The Rocky Flats Plant, located 15 miles northwest of Denver, produced plutonium triggers and other components for nuclear weapons from 1952 to 1992.
In 2005, the Department of Energy, DOE, declared the $7 billion cleanup of Rocky Flats complete. Part of the site has been turned over to the U.S. Fish and Wildlife Service for a national wildlife refuge that would be accessible to the public.
Colorado State Representative Wes McKinley says the amount of plutonium found in the samples gathered by concerned citizens could be deadly. He is asking state and federal officials to delay opening the site to the public until further tests are conducted.
McKinley was foreman of the grand jury that reviewed evidence of environmental lawbreaking at Rocky Flats after the 1989 FBI raid of the plant.
"The grand jury," he said, "reviewed a lot of damaging data about Rocky Flats, but it got sealed in the grand jury vault and I'm not allowed to tell people about it. Since DOE is hiding its damaging data, I figured we'd just collect data ourselves."
Local citizen Todd Margulies records data about a sample collected across Indiana Street from the Rocky Flats site. April 14, 2010. (Photo courtesy LeRoy Moore)
The plutonium contained in a sample collected in open space across the street from the Rocky Flats site was delivered by wind to this location, McKinley said. "This demonstrates that plutonium in breathable form is present on the site where children will be playing," he said.
Citizens gathered samples of dust after government agencies had repeatedly refused to sample surface dust near Rocky Flats for plutonium content.
"The plutonium found at the open space location was probably deposited there quite recently," said environmentalist LeRoy Moore, who organized the sampling project.
"Burrowing animals on the site bring buried plutonium to the surface, and the winds that scour Rocky Flats scatter plutonium particles near and far, with the risk of sending some of it into the lungs of people using Rocky Flats for recreation," he said.
Moore wants government agencies to establish a permanent program at Rocky Flats for periodic testing of breathable dust in surface soil for plutonium content.
Health Department spokesman Mark Salley told the "Boulder Daily Camera" newspaper that samples collected around the site have consistently indicated no or low levels of plutonium that are well below risk levels.
But a child of the chief engineer in charge of operations at Rocky Flats says, "Those of us who had parents who worked there agree that we would never set foot on the property."
This person, who did not give a name in a comment on the "Daily Camera" site, said, "Knowing some of the details of the contamination and mistakes made there, I am appalled that our ignorant government would ever consider allowing humans or animals to come in contact with the area. The half life of the nuclear materials is known to be a very long time span."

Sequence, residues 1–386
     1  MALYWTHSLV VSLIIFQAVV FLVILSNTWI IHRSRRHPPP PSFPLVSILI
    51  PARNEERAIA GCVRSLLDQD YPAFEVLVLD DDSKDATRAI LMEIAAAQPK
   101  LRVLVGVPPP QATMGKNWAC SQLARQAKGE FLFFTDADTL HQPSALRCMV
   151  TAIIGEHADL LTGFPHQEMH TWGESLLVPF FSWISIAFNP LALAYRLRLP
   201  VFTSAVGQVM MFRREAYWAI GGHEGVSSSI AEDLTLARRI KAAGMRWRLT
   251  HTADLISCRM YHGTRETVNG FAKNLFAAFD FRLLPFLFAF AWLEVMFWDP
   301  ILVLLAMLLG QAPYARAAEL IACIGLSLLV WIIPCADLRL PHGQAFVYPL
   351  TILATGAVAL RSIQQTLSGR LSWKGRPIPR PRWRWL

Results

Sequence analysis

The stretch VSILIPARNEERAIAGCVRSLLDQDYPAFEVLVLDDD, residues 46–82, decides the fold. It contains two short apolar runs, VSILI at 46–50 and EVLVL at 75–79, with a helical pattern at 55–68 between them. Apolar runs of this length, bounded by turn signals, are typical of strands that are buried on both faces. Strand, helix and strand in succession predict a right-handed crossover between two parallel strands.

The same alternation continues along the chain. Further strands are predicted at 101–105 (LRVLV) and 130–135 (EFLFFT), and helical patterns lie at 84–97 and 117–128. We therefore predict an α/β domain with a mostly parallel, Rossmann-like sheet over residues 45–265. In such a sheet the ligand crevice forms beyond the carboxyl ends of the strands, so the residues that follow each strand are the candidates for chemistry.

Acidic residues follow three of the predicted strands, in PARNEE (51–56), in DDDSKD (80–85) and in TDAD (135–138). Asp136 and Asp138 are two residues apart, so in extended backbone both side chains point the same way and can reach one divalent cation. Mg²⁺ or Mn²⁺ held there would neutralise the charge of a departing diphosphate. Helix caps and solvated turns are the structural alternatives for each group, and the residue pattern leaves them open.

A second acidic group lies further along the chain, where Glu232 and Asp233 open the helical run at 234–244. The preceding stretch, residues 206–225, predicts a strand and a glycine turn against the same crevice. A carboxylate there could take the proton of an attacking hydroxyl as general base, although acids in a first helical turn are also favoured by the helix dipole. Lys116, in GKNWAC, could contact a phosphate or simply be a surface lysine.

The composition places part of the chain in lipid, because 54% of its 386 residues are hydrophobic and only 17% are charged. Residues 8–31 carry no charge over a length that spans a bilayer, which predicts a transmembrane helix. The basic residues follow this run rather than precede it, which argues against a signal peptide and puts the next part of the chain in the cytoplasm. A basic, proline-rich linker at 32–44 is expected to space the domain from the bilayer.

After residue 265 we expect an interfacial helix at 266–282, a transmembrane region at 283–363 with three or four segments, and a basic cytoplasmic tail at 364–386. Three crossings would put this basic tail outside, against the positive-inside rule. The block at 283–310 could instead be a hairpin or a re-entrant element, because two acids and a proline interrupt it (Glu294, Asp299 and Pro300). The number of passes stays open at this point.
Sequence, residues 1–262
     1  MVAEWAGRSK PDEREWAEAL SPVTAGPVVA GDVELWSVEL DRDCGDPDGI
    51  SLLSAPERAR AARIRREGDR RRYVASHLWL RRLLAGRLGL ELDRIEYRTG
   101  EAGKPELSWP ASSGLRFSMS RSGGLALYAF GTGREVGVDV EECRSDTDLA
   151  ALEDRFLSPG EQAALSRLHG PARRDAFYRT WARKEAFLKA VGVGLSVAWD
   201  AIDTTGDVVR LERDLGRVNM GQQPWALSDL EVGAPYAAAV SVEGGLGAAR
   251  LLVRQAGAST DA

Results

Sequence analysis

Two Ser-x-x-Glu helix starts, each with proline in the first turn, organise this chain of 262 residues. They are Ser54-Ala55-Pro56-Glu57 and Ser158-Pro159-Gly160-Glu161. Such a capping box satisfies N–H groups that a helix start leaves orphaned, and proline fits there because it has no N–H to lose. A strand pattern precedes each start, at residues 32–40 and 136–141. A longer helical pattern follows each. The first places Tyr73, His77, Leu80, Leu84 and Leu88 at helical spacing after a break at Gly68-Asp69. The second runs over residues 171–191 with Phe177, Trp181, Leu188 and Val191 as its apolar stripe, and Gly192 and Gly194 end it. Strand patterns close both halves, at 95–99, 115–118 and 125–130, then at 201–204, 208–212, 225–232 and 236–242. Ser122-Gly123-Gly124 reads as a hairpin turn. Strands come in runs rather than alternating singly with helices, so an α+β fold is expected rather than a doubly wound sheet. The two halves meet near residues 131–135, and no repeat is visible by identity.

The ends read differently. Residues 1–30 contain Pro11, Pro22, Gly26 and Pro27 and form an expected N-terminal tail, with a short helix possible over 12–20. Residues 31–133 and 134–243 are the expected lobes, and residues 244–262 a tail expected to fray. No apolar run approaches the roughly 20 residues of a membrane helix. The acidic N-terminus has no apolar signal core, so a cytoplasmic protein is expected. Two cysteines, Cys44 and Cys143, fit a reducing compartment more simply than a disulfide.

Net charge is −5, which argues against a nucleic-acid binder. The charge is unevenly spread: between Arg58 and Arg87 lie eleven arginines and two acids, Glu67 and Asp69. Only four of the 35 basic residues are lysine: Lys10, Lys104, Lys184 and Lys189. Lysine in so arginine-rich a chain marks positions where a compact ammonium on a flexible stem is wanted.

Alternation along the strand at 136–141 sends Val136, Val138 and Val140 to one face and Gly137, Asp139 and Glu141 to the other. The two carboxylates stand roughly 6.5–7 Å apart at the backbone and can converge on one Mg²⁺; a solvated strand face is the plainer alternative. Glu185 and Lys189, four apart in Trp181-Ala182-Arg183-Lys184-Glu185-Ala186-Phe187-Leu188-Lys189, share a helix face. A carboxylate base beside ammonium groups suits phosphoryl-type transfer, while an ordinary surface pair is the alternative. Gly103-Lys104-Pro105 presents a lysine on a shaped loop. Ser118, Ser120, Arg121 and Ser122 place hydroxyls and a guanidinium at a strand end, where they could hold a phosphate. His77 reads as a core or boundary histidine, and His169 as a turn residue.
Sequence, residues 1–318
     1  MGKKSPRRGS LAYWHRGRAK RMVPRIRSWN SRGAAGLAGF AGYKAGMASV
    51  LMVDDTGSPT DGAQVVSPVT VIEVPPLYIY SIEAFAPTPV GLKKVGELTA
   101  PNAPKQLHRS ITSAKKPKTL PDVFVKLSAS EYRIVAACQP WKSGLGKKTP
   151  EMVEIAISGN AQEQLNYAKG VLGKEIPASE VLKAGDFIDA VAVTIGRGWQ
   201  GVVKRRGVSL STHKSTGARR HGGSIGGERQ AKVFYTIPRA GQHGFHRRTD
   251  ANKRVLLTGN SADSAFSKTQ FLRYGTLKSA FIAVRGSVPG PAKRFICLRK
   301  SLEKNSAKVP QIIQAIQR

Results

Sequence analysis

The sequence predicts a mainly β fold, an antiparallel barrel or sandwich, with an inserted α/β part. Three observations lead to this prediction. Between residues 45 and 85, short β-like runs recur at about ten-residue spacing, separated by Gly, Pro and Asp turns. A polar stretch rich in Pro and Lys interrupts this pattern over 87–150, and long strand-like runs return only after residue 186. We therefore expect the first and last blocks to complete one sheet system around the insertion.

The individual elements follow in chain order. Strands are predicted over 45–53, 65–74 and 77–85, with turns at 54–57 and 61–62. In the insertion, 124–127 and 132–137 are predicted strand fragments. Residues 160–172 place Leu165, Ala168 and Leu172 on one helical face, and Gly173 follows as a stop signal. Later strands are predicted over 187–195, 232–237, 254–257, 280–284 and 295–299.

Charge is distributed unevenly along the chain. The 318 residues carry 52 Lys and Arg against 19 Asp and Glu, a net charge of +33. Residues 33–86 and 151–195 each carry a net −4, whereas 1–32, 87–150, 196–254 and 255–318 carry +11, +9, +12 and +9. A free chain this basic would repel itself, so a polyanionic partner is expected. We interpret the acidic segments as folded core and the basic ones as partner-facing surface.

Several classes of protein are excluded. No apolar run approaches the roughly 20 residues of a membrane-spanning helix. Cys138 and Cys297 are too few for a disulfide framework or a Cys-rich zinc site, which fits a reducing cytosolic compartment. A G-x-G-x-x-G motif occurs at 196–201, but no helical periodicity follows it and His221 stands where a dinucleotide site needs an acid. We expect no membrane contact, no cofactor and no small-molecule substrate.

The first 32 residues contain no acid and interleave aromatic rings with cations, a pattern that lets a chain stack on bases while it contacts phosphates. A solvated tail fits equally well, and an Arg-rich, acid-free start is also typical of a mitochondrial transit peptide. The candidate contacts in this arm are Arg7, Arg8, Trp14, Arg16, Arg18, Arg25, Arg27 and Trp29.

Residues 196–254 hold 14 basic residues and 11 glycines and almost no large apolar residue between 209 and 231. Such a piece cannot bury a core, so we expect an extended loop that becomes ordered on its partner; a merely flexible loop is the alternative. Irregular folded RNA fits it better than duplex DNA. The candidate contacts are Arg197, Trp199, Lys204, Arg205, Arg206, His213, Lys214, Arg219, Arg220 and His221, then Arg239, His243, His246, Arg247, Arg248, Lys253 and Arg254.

Todd Margulies collects a sample of dust from a house about a mile southeast of Rocky Flats. (Photo courtesy LeRoy Moore)
McKinley said, "The Rocky Flats National Wildlife Refuge should be managed as open space that is closed to the public. Or, at minimum, Fish and Wildlife should post signs warning potential visitors to the refuge that risk is entailed in going onto the site."
Moore is concerned about the indoor sample. Hot particles with high concentrations of plutonium were found in dust collected in a crawl space under a house where it had accumulated for 50 years.
Specialist Marco Kaltofen of the Boston Chemical Data Corp., who did the technical analysis of the samples, pointed out that this plutonium laden dust certainly endangered the health of anyone who spent much time in this crawl space.
Boston Chemical Data has tested for radiological contaminants in the Columbia River at the Hanford Nuclear Reservation in Washington state, and also at the Mayak Nuclear Materials Production Complex in Russia's Ural mountains.
Writer Kristen Iversen, who will soon publish a book entitled "Full Body Burden: Growing Up in the Shadow of Rocky Flats," said, "If there's plutonium in the dust at one house downwind of Rocky Flats, there's probably plutonium in dust in many other homes, or perhaps even schools or libraries, located in the area known to be contaminated with plutonium released from Rocky Flats."
Scientists from the U.S. Atomic Energy Commission, predecessor to the DOE, "themselves produced a map of the contaminated area downwind of Rocky Flats," Iversen said.
She proposed that the Department of Energy establish a program to analyze indoor dust for plutonium content for anyone who requests it for a building located in the area the Atomic Energy Commission defined as contaminated with plutonium released from Rocky Flats.
"This," she said, "is not only the right thing to do. It's long overdue."
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